SCOTUS Will Not Hear a Case From Parents Who Lost Custody of Their Trans Child

The Supreme Court announced on Monday it will not hear an appeal from two Indiana parents who lost custody of their transgender child in 2021 and believe that children should be raised according to their sex assigned at birth.

The case stretches back to 2019, when Mary and Jeremy Cox of Anderson, Indiana said their child — then 14 years old — came out to them as a trans girl. As PBS affiliate WFYI reported, the Coxes, both self-described devout Christians, refused to accept their child’s identity, a sustained conflict that lawyers for the Department of Child Services (DCS) say eventually led to the child developing a severe eating disorder and both parents losing custody in 2021.

The Indiana Court of Appeals in 2022 upheld the DCS decision to remove the child from her parents’ care, finding that her eating disorder was directly linked to emotional distress and lack of support at home. Mary Cox’s comments to her child included the statement that “[child’s preferred name] is the bitch that killed my son,” according to the ruling. The court determined that the custody order was necessary to protect the child’s physical and emotional health, and while the Coxes are free to express their religious beliefs, “they do not have the right to exercise them in a manner that causes physical or emotional harm to [their] Child.”

On Monday, the Supreme Court officially denied the Coxes’ petition to hear the case, allowing the 2022 Court of Appeals decision to stand. The Court did not issue any comment as to why the case was rejected. Them reached out to the Indiana Attorney General’s office for comment, but did not receive a reply prior to publication.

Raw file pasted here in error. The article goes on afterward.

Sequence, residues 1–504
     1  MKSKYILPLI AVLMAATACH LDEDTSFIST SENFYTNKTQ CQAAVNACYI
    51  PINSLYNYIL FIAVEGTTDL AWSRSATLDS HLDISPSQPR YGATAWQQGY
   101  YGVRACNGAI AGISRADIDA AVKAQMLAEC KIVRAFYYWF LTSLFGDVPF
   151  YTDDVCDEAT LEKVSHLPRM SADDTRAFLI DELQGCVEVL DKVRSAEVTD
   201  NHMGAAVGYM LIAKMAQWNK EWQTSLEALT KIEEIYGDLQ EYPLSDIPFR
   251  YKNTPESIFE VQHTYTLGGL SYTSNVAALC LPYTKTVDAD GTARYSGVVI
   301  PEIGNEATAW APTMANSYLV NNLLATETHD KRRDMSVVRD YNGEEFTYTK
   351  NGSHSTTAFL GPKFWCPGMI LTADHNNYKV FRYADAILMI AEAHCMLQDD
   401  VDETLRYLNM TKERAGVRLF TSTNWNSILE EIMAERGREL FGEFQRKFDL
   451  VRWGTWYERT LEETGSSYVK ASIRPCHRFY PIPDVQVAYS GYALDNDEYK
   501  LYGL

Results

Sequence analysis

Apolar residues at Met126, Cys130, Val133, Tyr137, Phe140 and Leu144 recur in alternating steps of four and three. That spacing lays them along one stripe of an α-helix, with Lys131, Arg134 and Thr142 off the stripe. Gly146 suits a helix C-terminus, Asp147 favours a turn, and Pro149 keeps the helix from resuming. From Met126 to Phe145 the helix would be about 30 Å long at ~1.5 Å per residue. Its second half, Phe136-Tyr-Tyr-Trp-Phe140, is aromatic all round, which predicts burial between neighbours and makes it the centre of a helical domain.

Recent studies indicate that rates of disordered eating are higher among trans men and women than cisgender people, and that trans youth around the ages of 18-22 are particularly vulnerable. As essayist Aerin Cho wrote for Them in 2021, eating disorders can feel like the only way to control one’s body, especially for young trans people whose parents reinforce feelings of shame and poor body image. Parental shaming and abuse has also been correlated with higher rates of such disorders, independently of trans identity.

The Coxes’ court failure comes after a bill based on those parental religious freedom arguments, for which the couple personally advocated, also failed to clear the state legislature last year. That bill, HB 1407, died in committee in 2023; it would have declared that Indiana parents have the right to “direct the upbringing, education, health care, and mental health” of their children without government interference.

The Supreme Court announcement also comes at the start of LGBTQ Health Awareness Week, organized annually by the National Coalition for LGBTQ Health, which lasts from March 18 to 22 this year. On Monday, the Court also declined to hear the appeal of Couy Griffin, co-founder of the right-wing activist group “Cowboys for Trump” who was removed from New Mexico public office after participating in the failed coup attempt on January 6, 2021.

Get the best of what’s queer. Sign up for Them’s weekly newsletter here.